Alan K. Henderson's Weblog


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Tuesday, September 22, 2009

Steven Den Beste's Modest Proposal

How he would amend the constitution.

SDB Amendment 2 is an improved wording of the US Constitution's Amendment 2.

SDB Amendment 3 is silly: "Hanging as a form of capital punishment is permitted under the Constitution of the United States, provisions of Amendment Eight notwithstanding." It was a standard form of execution at the time of the Founders - and at the hands of Washington's army. Better to clarify the meaning of "cruel and unusual."

SDB Amendment 4 needs amending: "No court in the United States shall be guided by precedents established by courts in other nations or by international tribunals..." English common law (prior to 1776) is a part of our legitimate legal precedent.

SDB Amendment 7 (ban on carbon dioxide taxation) belongs in statute, not the Constitution.

I'm not too keen on SDB Amendment 8: "In lawsuits where lawyers work on contingency, the lawyers collectively may not receive a greater percentage of the award than any single one of the clients they represent." I don't approve of artificial price floors (or price ceilings, for that matter), and to be consistent this should not be spread to the legal profession. I would (via statute) require all lawyers to state their fees up front.

I agree totally with SDB Amendment 9: "It is double jeopardy for a defendant to be criminally tried in both State and Federal court for the same event..." Yes, even if it's OJ.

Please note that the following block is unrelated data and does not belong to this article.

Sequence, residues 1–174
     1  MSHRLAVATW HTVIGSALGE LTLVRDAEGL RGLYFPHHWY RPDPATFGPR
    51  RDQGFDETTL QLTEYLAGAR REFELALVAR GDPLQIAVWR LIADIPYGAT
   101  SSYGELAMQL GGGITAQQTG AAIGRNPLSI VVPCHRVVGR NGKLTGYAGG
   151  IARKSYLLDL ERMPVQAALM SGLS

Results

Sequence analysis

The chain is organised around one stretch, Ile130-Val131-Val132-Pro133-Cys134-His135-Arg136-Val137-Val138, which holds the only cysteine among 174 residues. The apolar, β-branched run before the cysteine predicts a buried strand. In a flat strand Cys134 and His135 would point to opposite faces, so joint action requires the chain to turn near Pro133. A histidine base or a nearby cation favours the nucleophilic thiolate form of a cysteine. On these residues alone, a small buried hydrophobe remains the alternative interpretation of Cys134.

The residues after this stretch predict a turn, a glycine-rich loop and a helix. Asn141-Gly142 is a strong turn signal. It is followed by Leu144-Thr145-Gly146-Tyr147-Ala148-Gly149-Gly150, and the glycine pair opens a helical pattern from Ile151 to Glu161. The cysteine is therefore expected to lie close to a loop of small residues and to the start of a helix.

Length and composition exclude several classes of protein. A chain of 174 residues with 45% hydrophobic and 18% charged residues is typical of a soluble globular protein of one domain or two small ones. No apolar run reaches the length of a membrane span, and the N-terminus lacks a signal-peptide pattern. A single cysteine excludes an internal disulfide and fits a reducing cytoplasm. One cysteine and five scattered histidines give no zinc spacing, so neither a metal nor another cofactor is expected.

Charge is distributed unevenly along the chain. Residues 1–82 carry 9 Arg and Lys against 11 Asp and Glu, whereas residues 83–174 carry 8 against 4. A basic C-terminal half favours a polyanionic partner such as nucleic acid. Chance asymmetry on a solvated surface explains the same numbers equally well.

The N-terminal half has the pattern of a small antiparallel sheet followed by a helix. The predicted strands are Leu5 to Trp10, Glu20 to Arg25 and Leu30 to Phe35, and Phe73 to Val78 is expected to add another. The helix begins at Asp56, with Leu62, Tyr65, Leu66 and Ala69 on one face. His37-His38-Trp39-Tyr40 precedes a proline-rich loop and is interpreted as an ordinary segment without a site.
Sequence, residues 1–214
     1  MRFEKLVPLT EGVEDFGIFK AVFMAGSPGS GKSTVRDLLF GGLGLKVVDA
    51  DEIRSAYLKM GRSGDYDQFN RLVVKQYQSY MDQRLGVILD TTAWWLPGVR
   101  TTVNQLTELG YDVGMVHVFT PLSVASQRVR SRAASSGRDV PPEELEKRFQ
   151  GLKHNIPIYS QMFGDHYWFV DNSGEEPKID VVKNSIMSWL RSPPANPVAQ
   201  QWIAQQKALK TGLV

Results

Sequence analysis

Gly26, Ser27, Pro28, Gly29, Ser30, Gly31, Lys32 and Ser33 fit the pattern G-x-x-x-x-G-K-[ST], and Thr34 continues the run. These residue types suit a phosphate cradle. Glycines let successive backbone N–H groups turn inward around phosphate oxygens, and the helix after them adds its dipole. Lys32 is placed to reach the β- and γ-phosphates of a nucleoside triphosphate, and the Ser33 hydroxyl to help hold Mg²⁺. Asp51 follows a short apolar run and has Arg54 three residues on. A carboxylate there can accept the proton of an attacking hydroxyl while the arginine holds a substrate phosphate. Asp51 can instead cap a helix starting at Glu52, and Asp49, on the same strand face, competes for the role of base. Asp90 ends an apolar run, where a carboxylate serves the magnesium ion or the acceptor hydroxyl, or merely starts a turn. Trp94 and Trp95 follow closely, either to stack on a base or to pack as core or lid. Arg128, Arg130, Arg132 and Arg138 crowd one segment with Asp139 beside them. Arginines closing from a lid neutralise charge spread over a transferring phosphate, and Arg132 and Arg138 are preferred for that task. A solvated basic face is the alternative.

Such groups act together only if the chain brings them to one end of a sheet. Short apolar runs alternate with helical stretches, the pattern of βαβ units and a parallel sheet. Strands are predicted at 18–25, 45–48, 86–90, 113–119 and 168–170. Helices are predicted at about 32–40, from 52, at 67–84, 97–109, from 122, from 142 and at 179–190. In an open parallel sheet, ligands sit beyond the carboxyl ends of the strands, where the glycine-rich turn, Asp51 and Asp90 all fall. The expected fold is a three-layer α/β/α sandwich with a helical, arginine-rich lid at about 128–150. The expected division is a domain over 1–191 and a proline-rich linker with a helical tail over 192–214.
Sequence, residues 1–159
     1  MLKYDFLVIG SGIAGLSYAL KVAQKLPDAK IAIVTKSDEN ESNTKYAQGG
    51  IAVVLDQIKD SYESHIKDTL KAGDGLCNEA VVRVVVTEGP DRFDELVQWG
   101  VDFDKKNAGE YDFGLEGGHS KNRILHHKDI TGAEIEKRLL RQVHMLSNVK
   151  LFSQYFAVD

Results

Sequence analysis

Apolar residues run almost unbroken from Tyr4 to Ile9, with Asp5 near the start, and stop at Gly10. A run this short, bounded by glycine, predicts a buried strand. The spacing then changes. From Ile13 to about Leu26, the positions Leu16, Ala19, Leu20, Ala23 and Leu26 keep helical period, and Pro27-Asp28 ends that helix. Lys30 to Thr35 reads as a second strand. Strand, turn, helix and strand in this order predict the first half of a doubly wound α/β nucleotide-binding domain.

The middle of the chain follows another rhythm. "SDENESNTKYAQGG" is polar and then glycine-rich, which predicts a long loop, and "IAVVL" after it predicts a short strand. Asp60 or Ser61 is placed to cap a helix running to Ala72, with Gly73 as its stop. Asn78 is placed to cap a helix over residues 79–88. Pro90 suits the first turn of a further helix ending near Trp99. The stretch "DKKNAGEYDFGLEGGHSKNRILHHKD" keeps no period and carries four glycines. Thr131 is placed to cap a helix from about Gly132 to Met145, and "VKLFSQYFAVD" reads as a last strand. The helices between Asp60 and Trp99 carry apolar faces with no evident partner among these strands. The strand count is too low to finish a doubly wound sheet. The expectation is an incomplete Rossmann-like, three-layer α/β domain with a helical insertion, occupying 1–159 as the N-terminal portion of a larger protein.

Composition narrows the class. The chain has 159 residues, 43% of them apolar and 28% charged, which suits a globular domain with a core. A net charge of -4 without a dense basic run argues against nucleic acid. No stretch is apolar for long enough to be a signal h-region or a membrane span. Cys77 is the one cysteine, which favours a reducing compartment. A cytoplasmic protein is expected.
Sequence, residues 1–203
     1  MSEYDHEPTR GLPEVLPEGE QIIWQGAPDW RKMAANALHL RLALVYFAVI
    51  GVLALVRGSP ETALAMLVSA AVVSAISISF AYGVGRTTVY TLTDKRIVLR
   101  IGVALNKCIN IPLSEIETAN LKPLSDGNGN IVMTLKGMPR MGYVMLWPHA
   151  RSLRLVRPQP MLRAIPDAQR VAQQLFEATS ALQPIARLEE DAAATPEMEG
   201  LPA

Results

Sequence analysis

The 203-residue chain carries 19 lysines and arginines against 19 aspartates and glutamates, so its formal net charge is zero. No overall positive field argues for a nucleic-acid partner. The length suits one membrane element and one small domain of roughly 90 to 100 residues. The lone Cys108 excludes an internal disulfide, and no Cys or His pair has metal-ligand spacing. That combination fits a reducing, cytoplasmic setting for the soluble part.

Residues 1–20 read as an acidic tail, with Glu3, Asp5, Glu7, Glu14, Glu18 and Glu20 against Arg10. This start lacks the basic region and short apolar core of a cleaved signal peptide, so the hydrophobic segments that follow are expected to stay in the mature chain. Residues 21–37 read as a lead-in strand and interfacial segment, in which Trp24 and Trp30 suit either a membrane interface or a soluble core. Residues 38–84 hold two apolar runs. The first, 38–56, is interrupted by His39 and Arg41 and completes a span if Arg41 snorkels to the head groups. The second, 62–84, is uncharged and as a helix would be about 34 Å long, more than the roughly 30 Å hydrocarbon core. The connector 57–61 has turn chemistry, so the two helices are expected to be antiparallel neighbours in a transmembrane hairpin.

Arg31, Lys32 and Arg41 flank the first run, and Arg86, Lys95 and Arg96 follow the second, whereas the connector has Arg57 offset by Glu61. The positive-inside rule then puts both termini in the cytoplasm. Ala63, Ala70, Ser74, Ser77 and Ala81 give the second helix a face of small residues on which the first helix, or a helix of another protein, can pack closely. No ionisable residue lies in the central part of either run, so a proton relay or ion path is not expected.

SDB Amendment 10 is interesting: "Neither the federal government nor any state or locality may pass any law or implement any policy which discriminates against or in favor of any person on the basis of race, gender, or national origin." First, note that this prohibits government discrimination, not private-sector. He either supports the right to private-sector discrimination (perhaps as the logical conclusion of the First Amendment right to assembly), or prefers to deal with it in statute.

That all government discrimination on the basis of race, gender, and national origin bad? I would certainly not want gender-desegregated restrooms at the courthouse next time Dallas County calls me in for jury duty. Immigration law by its nature discriminates against national origin. Can anyone think of other legitimate loopholes for such an amendment?

Tell me relevant would government discrimination be if the federal government hadn't ventured so far out of its constitutional bounds?


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